One unique facet of GPU usage is that you can typically modify whatever you are running to improve performance and decrease usage. For instance, some games can run at 4K with refresh rates over 120 Hertz. However, this will put a strain on even the best GPUs available. But you can decrease the game’s graphic output to improve the experience.
Because GPU usage is relative to a game’s settings and the graphics card that you’re using, it is difficult to say what the GPU usage should be. However, most AAA titles will have GPU usage in the 90 to 100% range. If you’re seeing lower usage but still experiencing problems, Then the issue is likely bottlenecking at the CPU.
How to monitor CPU and GPU usage during gaming
Getting an accurate GPU and CPU usage reading while playing a game can be vital in knowing how your computer performs once put under a load. However, it can be difficult to accurately gauge the usage while you’re in the middle of a game. Fortunately, there are a couple of options that can provide additional insight into your overall performance.
Temperature’s Affect on Usage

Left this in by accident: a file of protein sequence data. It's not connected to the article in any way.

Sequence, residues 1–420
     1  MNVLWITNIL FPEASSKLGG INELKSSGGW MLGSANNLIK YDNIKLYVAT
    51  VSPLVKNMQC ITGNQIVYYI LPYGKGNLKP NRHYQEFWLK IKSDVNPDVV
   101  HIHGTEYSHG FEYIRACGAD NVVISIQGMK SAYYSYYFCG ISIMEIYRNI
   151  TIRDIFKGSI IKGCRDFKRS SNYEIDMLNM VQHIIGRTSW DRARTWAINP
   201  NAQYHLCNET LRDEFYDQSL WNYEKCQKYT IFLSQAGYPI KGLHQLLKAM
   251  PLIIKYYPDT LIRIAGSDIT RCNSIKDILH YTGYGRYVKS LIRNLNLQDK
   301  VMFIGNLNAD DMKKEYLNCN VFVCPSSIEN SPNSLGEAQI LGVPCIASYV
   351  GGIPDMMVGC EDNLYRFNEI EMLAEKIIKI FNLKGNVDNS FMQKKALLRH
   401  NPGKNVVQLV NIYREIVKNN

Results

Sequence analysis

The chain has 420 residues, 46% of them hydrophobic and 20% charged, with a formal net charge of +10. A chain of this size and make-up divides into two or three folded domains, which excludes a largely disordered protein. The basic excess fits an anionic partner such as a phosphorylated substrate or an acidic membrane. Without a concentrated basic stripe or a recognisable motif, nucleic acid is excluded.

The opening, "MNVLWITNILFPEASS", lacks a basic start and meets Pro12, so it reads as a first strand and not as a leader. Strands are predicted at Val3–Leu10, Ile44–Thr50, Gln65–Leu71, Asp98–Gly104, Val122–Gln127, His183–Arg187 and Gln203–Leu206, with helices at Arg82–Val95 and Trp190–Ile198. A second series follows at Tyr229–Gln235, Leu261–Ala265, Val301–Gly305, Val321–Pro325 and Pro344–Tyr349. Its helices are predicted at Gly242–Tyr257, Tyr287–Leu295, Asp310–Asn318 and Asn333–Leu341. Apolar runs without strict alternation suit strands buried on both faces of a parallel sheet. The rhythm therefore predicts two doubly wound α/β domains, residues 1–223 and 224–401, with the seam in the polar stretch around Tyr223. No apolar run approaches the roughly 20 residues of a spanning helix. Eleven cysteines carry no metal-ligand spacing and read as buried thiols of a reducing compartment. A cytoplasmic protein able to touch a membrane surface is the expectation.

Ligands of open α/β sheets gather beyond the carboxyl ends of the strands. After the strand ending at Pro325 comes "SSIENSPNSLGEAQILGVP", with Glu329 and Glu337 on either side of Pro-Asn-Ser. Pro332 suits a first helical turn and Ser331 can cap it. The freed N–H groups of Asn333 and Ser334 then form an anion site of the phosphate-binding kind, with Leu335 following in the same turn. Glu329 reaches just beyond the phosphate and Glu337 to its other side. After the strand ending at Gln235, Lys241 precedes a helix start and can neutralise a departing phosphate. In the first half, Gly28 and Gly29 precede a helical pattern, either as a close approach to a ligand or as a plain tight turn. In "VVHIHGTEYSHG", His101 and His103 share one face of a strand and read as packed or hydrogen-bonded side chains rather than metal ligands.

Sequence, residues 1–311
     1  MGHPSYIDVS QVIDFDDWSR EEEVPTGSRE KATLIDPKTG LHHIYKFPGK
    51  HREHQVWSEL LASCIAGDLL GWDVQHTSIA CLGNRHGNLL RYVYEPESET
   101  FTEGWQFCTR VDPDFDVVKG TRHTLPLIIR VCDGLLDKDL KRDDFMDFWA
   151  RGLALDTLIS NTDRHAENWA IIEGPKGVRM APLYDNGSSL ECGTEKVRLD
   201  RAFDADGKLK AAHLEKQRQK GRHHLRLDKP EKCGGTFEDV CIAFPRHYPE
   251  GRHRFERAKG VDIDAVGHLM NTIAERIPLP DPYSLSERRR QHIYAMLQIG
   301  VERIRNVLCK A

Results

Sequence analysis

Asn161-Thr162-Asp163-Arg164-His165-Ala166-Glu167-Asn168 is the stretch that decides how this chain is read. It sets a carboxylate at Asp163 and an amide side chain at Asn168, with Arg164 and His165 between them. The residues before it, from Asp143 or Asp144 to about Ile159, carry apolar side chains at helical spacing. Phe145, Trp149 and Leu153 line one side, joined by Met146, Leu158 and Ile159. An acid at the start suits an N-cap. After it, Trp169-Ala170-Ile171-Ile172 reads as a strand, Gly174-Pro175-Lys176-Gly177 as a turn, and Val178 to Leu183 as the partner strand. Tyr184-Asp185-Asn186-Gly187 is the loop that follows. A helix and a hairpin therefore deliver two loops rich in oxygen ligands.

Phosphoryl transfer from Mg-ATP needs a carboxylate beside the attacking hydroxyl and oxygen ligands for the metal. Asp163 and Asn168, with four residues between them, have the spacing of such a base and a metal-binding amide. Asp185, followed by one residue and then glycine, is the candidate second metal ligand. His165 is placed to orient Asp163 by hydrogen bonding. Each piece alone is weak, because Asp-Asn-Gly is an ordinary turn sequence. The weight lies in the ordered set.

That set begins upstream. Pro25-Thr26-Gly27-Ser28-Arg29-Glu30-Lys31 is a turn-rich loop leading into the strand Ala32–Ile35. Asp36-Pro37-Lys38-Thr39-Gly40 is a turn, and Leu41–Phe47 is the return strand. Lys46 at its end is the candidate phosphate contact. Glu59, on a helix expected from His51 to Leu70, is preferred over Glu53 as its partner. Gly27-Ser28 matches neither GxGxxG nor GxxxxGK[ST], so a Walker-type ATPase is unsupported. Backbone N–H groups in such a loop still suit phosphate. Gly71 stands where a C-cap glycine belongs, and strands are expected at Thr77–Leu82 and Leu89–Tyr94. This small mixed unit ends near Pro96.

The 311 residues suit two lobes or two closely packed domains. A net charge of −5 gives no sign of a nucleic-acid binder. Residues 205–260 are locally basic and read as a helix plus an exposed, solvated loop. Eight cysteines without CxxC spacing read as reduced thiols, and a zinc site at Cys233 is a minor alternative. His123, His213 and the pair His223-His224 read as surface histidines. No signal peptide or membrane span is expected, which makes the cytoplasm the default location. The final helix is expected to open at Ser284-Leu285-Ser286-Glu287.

A great indicator of CPU and GPU demand that many gamers use is temperature. Not only can this provide useful information about how hard your processor graphics card is working, but it can also tell you if it is getting sufficiently cooled. A CPU or GPU that is not properly cooled will cause bottlenecking and poor performance.
Although you probably won’t find the temperature readings easily on most computers, there are sensors that can detect just how hot the CPU and GPU get. Gamers know this very well, as gaming PCs commonly show the temperature in their interface. Even listening to the computer’s fan speed can actually be a useful indicator of just how hard the CPU is working.
Check Usage Outside of Gameplay
When it comes just checking CPU and GPU usage, it is a good idea to establish a benchmark. The easiest way to do this is by pressing the Alt, Ctrl, and Del keys. Once the security options appear, go ahead and select “Task Manager.” Then click the “Performance” tab to view all of the components’ data.